Boy Scout’s Founder a Spy?
The Boy Scout movement goes back more than a century to its founder, known as Lord Baden-Powell. The man had a distinguished career in the British military, rising to the high rank of Lieutenant General. He was involved in such Imperial adventures as the Boer War, fought against the rebel Dutch farmers in what is now South Africa. He wrote the first Boy Scout Handbook. The story about Baden-Powell as a spy is entertaining. He posed as an entomologist as he traveled around the Mediterranean in the era 1890-1895. Who would suspect that a crazy English butterfly chaser who was constantly sketching insects was encoding into the sketches the details of fortifications? He visited Austrian forts and apparently also some in the Turkish Ottoman Empire (both were later German allies in the First World War).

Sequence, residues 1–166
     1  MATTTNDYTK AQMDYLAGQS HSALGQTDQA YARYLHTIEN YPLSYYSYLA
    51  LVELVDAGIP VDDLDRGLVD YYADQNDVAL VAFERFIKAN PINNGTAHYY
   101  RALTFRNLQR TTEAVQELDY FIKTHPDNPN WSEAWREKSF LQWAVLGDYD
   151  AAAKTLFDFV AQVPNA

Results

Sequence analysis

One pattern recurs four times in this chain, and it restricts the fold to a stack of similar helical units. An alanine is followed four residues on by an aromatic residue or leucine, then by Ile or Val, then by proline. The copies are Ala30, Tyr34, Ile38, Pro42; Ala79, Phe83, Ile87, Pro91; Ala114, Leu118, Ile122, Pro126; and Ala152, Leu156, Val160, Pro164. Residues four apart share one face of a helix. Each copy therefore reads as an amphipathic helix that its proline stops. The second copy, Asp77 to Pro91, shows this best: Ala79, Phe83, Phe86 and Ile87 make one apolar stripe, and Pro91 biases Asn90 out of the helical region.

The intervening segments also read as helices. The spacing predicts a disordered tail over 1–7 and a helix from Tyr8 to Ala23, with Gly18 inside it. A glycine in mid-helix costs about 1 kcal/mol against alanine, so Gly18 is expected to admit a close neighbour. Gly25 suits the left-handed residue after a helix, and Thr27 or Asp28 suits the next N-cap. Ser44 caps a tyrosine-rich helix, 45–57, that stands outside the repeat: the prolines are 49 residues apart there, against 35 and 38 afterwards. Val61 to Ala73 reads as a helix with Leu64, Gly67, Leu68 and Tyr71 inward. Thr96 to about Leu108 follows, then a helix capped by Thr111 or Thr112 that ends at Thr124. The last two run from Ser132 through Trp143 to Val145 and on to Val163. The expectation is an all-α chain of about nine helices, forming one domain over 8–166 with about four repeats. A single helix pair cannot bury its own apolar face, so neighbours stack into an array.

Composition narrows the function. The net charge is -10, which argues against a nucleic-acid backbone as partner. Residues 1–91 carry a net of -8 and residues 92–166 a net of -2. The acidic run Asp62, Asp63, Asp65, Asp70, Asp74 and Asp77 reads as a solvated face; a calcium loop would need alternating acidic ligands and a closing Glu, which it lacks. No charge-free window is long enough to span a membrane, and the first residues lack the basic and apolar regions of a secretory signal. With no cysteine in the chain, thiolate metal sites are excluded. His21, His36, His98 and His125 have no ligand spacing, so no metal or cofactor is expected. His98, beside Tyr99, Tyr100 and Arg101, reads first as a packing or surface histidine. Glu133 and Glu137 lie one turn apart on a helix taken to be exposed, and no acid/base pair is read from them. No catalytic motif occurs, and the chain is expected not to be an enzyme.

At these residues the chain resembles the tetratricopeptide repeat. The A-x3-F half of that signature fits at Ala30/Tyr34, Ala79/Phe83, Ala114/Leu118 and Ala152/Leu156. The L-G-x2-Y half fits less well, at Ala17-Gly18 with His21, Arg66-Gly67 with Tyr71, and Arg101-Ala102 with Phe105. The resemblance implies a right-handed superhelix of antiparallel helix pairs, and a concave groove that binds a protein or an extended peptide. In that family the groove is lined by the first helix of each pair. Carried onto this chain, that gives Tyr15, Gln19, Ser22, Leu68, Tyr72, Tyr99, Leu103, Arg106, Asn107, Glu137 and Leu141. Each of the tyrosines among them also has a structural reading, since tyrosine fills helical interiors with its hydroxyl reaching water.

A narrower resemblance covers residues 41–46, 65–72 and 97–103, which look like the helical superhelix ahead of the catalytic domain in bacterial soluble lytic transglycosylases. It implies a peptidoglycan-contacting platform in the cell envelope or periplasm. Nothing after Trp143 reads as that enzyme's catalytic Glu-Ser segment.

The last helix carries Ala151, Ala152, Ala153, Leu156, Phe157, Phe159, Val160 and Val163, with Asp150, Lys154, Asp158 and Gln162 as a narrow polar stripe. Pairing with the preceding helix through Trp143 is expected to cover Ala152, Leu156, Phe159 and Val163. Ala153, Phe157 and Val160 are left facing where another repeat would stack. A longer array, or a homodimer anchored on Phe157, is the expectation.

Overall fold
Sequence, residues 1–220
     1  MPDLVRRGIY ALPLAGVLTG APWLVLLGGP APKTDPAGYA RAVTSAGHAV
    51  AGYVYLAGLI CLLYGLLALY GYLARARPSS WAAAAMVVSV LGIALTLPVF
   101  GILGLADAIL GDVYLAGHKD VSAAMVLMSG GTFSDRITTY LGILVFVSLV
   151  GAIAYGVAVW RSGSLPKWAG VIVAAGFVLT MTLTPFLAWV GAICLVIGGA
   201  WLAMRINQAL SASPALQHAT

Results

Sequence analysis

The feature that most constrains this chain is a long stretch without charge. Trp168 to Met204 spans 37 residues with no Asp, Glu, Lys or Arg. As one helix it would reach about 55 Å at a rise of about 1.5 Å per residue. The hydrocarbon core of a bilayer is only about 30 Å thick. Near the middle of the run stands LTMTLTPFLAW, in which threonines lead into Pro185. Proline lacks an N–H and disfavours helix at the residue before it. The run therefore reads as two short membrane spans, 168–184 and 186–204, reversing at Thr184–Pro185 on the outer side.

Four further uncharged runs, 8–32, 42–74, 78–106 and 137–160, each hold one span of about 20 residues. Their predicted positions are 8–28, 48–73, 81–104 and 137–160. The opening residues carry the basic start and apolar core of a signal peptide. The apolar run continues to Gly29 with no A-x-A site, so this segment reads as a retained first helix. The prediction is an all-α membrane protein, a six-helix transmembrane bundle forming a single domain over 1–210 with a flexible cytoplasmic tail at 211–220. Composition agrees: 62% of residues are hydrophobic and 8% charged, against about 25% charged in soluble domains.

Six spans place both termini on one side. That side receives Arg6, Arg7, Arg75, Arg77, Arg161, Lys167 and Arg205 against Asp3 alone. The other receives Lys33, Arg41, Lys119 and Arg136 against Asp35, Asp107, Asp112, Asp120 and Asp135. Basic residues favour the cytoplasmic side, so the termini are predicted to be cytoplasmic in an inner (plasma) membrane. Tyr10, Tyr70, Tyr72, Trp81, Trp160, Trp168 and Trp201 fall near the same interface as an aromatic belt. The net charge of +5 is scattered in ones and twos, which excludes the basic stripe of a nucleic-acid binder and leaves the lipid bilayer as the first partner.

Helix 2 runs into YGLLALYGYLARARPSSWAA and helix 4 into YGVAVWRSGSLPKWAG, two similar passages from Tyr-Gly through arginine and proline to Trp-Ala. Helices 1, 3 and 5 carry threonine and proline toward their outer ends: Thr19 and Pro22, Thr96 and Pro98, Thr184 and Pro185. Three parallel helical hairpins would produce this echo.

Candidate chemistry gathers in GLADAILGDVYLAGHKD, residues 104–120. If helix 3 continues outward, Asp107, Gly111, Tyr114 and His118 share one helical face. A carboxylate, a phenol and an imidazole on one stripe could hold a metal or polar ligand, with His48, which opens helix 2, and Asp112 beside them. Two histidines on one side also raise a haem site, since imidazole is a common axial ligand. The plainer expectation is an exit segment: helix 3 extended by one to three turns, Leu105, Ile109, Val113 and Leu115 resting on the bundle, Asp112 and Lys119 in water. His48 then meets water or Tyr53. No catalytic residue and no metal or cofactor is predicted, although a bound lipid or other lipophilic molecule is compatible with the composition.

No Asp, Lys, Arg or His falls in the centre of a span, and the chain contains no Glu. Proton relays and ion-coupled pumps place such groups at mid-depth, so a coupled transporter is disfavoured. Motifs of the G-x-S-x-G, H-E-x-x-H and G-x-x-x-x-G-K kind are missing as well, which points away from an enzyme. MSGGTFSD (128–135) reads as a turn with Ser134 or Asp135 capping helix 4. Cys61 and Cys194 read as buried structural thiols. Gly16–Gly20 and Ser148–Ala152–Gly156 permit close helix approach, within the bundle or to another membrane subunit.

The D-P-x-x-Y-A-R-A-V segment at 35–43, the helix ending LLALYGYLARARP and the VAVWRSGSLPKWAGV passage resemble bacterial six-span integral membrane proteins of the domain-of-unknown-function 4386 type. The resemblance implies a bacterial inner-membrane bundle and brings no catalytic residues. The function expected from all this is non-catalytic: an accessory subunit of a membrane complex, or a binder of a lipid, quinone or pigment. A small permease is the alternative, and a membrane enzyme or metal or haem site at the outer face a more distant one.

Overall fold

We know all this from Baden-Powell’s 1915 book My Adventures as a Spy. The trouble with the story is that there is almost nothing verified. It is possible that the adventures were fiction meant to entertain the public during wartime. It is very possible that Baden-Powell’s book contradicts part of the Boy Scout oath, the part about not telling a lie.
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